He was a lonely older man without any living family. He came into the hospital with severe COVID but, after several days, stabilized. He wasn’t getting better and he wasn’t getting worse. We had given him all the standard treatments and were hopeful that he would improve. Then, as is often the case with COVID-19, he rapidly deteriorated over the course of a day and ended up on life support.
I went in to see him as I usually do with my PAPR on feeling like an astronaut on a space walk, minus the sense of weightlessness. The PAPR creates a soft wind noise and you have to shout to be heard through its cold plastic shield. This combines with the noise of the large negative pressure vacuum in the room to create the sensation of trying to have a conversation inside a vacuum cleaner. He was delirious and as much as the staff and I tried to care for and be with him, you can only connect with someone so much through the noise and PPE. He was alone in that room even when we were in there with him. I did my best to reorient and reassure him.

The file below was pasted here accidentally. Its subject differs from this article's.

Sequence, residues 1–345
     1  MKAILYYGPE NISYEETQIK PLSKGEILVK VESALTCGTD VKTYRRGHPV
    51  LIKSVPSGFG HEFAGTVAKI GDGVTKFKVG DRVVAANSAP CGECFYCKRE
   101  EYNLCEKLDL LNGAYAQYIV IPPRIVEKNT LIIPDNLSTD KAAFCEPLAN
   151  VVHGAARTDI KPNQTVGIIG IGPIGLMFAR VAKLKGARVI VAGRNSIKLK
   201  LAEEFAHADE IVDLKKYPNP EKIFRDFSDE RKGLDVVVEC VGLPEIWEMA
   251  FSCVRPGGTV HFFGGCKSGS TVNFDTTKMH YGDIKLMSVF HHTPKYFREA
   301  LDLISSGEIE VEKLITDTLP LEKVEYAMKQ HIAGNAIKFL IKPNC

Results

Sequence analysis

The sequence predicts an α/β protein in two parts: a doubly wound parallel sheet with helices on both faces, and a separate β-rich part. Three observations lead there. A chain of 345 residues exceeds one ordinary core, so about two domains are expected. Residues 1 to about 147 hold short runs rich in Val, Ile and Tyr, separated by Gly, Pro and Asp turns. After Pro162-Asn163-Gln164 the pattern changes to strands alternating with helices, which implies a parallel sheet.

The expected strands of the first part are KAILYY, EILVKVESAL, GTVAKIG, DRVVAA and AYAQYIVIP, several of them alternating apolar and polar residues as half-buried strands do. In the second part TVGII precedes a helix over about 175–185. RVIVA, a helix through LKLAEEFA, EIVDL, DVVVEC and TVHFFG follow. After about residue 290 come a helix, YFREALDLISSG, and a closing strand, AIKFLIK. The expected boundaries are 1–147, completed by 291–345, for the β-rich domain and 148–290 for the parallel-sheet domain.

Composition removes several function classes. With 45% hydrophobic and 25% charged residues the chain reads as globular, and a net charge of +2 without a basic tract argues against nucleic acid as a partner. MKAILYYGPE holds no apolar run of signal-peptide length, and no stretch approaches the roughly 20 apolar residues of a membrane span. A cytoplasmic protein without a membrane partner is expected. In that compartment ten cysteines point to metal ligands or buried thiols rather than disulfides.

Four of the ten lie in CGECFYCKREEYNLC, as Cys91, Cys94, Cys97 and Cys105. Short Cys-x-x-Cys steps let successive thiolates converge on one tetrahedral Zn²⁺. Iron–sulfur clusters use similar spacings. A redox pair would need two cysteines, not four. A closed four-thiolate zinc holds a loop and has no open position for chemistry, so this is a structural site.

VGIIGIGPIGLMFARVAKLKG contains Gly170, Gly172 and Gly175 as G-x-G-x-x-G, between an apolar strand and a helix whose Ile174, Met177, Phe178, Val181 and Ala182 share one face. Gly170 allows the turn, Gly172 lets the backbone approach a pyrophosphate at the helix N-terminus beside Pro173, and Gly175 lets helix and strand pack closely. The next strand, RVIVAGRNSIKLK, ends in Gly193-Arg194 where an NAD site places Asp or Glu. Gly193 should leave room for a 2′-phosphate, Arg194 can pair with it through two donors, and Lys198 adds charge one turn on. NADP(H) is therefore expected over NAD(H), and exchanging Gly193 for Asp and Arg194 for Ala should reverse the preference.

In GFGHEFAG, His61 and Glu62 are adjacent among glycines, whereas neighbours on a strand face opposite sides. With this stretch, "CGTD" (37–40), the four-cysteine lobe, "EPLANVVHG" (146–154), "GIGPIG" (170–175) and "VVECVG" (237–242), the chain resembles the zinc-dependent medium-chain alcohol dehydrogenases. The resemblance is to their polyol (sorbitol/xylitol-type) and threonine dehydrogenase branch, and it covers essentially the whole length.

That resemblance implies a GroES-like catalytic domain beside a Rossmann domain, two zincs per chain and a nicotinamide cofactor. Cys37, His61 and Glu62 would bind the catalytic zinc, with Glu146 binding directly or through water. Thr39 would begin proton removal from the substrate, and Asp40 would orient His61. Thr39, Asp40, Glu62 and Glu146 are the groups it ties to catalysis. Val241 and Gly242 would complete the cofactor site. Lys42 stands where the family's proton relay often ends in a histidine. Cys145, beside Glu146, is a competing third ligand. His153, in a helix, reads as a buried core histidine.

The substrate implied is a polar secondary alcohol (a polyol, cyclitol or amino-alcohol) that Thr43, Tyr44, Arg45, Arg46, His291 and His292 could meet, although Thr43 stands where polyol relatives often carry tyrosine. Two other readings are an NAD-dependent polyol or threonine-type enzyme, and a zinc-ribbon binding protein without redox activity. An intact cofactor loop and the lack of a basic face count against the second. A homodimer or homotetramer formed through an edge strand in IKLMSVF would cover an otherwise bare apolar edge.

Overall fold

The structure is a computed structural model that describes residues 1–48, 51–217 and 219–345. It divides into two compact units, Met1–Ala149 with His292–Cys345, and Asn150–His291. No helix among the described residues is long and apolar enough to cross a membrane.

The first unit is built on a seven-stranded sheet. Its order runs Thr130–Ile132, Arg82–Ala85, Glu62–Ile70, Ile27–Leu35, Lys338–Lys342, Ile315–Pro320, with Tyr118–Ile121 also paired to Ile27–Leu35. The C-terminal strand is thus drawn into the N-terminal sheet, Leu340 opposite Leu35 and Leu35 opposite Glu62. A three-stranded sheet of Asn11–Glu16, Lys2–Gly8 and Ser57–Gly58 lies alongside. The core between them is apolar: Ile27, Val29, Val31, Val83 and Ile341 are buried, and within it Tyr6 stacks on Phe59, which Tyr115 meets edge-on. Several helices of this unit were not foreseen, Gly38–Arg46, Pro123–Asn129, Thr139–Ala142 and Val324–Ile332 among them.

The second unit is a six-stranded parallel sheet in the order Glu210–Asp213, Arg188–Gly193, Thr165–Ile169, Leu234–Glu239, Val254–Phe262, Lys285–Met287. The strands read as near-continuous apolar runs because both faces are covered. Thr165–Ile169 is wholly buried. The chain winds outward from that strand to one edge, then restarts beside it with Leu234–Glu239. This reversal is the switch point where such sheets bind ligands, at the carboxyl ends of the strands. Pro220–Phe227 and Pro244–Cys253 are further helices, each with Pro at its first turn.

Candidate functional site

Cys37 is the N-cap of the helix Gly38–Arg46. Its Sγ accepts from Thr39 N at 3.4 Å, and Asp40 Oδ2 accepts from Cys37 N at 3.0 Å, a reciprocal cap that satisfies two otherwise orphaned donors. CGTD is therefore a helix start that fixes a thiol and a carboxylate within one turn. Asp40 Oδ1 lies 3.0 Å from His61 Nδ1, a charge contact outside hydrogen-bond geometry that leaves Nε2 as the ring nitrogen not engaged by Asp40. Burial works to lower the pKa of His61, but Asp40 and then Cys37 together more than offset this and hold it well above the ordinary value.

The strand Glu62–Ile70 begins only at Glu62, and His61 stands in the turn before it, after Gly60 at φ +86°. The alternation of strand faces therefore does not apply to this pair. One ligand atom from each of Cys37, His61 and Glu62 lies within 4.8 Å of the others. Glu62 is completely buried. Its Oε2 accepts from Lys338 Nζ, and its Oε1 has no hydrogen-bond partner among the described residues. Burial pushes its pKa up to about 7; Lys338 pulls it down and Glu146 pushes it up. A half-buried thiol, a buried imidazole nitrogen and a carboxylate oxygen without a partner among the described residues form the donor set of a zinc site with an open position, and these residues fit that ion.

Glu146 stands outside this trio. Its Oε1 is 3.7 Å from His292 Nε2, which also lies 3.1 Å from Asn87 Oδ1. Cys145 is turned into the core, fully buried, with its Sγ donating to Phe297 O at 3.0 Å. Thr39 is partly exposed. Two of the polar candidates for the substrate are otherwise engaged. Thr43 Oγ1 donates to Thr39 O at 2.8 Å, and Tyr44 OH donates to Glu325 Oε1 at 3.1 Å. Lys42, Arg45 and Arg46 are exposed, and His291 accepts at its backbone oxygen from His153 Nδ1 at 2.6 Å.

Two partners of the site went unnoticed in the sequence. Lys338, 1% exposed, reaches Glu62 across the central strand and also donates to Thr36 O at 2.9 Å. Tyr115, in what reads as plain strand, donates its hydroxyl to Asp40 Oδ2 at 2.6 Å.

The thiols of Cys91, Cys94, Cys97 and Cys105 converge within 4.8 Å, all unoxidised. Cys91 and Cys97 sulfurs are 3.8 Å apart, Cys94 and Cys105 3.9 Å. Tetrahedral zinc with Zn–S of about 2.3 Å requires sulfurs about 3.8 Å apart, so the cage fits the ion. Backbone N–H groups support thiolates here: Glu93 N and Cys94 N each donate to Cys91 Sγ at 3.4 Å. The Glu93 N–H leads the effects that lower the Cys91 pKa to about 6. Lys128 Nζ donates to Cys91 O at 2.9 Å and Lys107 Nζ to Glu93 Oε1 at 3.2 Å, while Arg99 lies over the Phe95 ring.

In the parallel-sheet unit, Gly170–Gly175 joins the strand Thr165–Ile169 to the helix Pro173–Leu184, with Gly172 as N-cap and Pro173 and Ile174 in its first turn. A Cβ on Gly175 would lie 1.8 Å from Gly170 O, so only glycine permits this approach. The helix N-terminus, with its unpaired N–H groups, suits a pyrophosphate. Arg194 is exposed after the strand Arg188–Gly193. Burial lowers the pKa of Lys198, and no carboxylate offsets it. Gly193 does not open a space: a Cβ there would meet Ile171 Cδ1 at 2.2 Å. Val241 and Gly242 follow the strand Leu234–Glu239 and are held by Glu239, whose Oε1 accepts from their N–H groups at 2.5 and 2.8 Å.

He died relatively suddenly. His oxygen rapidly declined and we couldn’t get it back up. His heart stopped suddenly but, when you think about it, whenever the heart stops it is sudden. We did CPR for about 20 minutes but there was no response.
He was the second COVID death in the ICU in a week that had seen a rise in admissions that mirrored a rise nationwide. There was also a dark feeling that hung over the unit like seeing gathering dark clouds on the horizon relentlessly approaching.
The fall/winter rise was predicted by most experts and it appears it is upon us. Here in Maryland the governor just tightened restrictions because of a rapid spike in hospitalizations. This is happening across the country and the world.
Amidst this harrowing darkness came the first streaks of hope. We are all awaiting the vaccine but there was a concern that it would not be fully effective. For example, if a vaccine is 50% effective and only 50% of the population takes it that would lead to only 25% of the population being protected. This would leave us a long way from herd immunity. So you can imagine the joy when the pharmaceutical giant Pfizer announced early this week that an interim analysis of their vaccine showed 90% effectiveness exceeding everyone’s expectations.